Date Added to website 19th November 2014
Yet another fraudulent GMO "safety study".........
This new paper, arising from research funded by the EU taxpayer through the GRACE programme, has recently been published. It purported to show no toxic effects in rats that were fed on a diet including MON810 maize. However, when Testbiotech looked carefully at the data in the study, it became clear that there WERE toxic effects which had simply been hidden away in a data manipulation exercise. This looks like yet another case of scientific fraud by scientists who have strong interests in the continuation of the GM enterprise. We are no longer surprised........... and we support the call by Testbiotech for the paper to be retracted.
This is the paper under the spotlight:
Zeljenková, D., et al (2014) Ninetyday oral toxicity studies on two genetically modified maize MON810 varieties in Wistar Han RCC rats (EU 7th Framework Programme projectGRACE), Arch Toxicol., DOI 10.1007/s00204-014-1374-8
TESTBIOTECH Background 7 - 11 - 2014
Comments regarding the GRACE publication Ninety-day oral toxicity studies on two genetically modified maize MON810 varieties in Wistar Han RCC rats (EU 7th Framework Programme project GRACE)
by Andreas Bauer-Panskus & Christoph Then
The results of a 90-day feeding study with genetically engineered maize MON810 that was part of the EU research project GRACE were published in October 2014. The results of this project are expected to have a significant impact on future standards in risk assessment of genetically engineered plants in the EU. The authors conclude that the diet did not trigger any toxicologically relevant effects in the rats.
However, this conclusion is not based on a sufficiently thorough assessment of the data that was obtained. In particular, it is unacceptable to dismiss the decrease in the total serum protein concentration and pancreas weight and the increase in blood glucose levels as toxicologically irrelevant. In terms of determining a dose with no toxic effects (no-effect level) the study by Zeljenková et al. (2014) must be considered invalid.
In addition, there are serious doubts about the scientific integrity regarding the entire publication process. It appears to be based on close affiliations between the corresponding author and the specialist journal, Archives of Toxicology and its editors. There is a long history of collaboration between the journal and industry, and a clear lack of declaration of conflicts of interest.
Given the importance of this study, the retraction of the paper is recommended. Re-publication should only be considered under a rigorous peer review process, and in a journal that is not influenced by any affiliations to the authors, and demonstrably has a history of the highest standards and integrity regarding conflicts of interest.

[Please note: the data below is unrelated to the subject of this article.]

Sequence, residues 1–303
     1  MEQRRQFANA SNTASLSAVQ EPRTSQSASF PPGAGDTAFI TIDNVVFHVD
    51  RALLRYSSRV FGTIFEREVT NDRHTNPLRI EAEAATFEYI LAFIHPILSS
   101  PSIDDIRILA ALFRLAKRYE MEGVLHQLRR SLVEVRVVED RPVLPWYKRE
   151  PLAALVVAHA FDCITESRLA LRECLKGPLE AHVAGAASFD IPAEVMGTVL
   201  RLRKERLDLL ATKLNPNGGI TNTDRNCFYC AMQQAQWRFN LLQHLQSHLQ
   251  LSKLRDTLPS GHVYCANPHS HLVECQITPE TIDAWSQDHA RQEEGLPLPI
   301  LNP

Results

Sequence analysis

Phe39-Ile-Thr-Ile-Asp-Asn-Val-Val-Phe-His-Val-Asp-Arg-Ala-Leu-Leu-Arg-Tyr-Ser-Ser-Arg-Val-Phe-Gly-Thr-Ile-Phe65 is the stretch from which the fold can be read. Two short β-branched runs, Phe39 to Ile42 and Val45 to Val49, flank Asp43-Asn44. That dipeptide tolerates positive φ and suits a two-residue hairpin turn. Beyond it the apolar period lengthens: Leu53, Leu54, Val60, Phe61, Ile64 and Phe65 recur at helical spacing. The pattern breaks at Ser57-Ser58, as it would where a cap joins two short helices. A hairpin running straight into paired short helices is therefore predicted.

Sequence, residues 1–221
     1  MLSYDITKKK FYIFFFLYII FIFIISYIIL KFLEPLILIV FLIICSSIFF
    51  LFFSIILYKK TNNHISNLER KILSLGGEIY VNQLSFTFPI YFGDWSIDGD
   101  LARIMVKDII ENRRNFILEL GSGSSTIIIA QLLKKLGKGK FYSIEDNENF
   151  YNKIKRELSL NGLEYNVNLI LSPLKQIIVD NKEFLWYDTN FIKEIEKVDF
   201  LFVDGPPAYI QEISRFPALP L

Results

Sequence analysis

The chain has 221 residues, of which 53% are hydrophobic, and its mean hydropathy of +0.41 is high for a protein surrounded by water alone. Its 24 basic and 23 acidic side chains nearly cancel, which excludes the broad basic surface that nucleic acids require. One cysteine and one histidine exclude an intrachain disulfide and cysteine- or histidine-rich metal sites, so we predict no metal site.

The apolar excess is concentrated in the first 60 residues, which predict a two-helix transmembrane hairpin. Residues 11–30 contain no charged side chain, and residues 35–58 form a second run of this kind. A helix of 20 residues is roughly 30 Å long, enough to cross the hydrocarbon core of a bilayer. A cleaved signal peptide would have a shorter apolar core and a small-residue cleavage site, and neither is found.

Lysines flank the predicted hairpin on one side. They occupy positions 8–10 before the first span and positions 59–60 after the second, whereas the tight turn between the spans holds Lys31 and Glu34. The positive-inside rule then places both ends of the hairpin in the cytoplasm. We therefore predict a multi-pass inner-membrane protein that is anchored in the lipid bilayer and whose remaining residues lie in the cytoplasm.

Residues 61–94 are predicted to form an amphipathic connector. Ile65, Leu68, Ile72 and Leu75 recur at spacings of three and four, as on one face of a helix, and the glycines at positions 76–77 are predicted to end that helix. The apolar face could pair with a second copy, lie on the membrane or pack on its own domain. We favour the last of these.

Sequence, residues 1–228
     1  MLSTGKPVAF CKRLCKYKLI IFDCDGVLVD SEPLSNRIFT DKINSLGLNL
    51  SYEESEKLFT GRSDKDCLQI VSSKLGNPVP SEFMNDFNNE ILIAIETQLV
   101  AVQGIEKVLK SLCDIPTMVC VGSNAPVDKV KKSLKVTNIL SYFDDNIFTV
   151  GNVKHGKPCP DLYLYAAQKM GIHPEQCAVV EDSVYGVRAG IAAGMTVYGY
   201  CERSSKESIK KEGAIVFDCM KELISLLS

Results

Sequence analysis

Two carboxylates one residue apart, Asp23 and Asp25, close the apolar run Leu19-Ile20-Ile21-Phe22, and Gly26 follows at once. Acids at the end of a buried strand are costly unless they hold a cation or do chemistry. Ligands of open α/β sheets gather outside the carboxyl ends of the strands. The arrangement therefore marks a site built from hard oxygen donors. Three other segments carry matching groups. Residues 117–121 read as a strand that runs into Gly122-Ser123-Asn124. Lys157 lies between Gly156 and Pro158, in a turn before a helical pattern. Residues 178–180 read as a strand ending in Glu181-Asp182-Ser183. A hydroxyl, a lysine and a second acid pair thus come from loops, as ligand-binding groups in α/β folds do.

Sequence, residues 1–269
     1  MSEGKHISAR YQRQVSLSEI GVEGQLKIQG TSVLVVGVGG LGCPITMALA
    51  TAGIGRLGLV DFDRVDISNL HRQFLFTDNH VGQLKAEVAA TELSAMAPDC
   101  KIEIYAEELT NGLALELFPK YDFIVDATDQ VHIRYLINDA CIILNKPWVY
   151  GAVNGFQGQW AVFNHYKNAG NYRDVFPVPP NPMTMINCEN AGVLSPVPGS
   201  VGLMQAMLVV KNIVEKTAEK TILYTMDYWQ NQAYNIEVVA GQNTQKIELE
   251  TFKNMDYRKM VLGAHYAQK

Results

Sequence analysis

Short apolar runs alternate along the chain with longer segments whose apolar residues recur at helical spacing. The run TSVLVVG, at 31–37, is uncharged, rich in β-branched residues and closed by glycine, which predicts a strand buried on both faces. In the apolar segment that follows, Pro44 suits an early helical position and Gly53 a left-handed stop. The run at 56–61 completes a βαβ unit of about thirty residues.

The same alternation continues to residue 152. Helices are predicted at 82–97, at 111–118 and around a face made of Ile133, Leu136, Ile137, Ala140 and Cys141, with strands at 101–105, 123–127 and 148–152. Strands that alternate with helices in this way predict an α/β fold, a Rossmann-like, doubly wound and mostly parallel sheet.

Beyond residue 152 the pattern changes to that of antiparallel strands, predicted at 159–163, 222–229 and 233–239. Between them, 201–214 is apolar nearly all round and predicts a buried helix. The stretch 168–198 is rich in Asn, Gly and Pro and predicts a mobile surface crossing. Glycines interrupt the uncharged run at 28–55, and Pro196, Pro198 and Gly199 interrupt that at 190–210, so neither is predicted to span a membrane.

There are a number of reasons that put into question the results and the scientific standards of the publication Ninety-day oral toxicity studies on two genetically modified maize MON810 varieties in Wistar Han RCC rats (EU 7th Framework Programme project GRACE).
The decrease of the total serum protein concentration and pancreas weight and the increase in blood glucose levels cannot be considered toxicologically irrelevant. In terms of determining a dose with no toxic effects (no-observed-effect level) the study by Zeljenkova et al. (2014) must be considered invalid.
The conflicts of interest of several authors of the GRACE study are either not addressed at all or only partly.
There are several long term relations between the study's corresponding author, Pablo Steinberg, and members of the editorial board of Archives of Toxicology. Furthermore, Pablo Steinberg is even a member of the journal's editorial board himself. Altogether, publishing the GRACE study in the journal Archives of Toxicology gives the strong impression of 'self-publishing' in the sense that there was a lack of external control.
Whereas Archives of Toxicology is a renowned journal in the field of toxicology, analysis shows that the journal has to be regarded as highly biased towards industry. The current main editors, Jan Hengstler and Hermann Bolt, both from the Leibniz Research Centre for Working Environment and Human Factors, have current or past ties to industry. Hermann Bolt even conducted research financed by the tobacco industry, and the journal has a long history of involvement with the tobacco industry. Several other members (apart from the two main editors) of the editorial board of Archives of Toxicology also have strong industry affiliations.
In conclusion, there are serious doubts about the outcomes as presented in the paper Ninety-day oral toxicity studies on two genetically modified maize MON810 varieties in Wistar Han RCC rats (EU 7th Framework Programme project GRACE). In fact, our conclusion based on the study data, is that even the low dose cannot be considered free from MON 810-related effects. In addition, there are serious doubts about the scientific integrity regarding the entire publication process.
Given the importance of this study, we recommend the retraction of the paper. Re-publication should only be considered under a rigorous peer review process and in a journal with a scientific reputation not tarnished by questionable cooperation with industry, and which is not impacted by any affiliations to the authors and has the highest standards regarding conflicts of interest.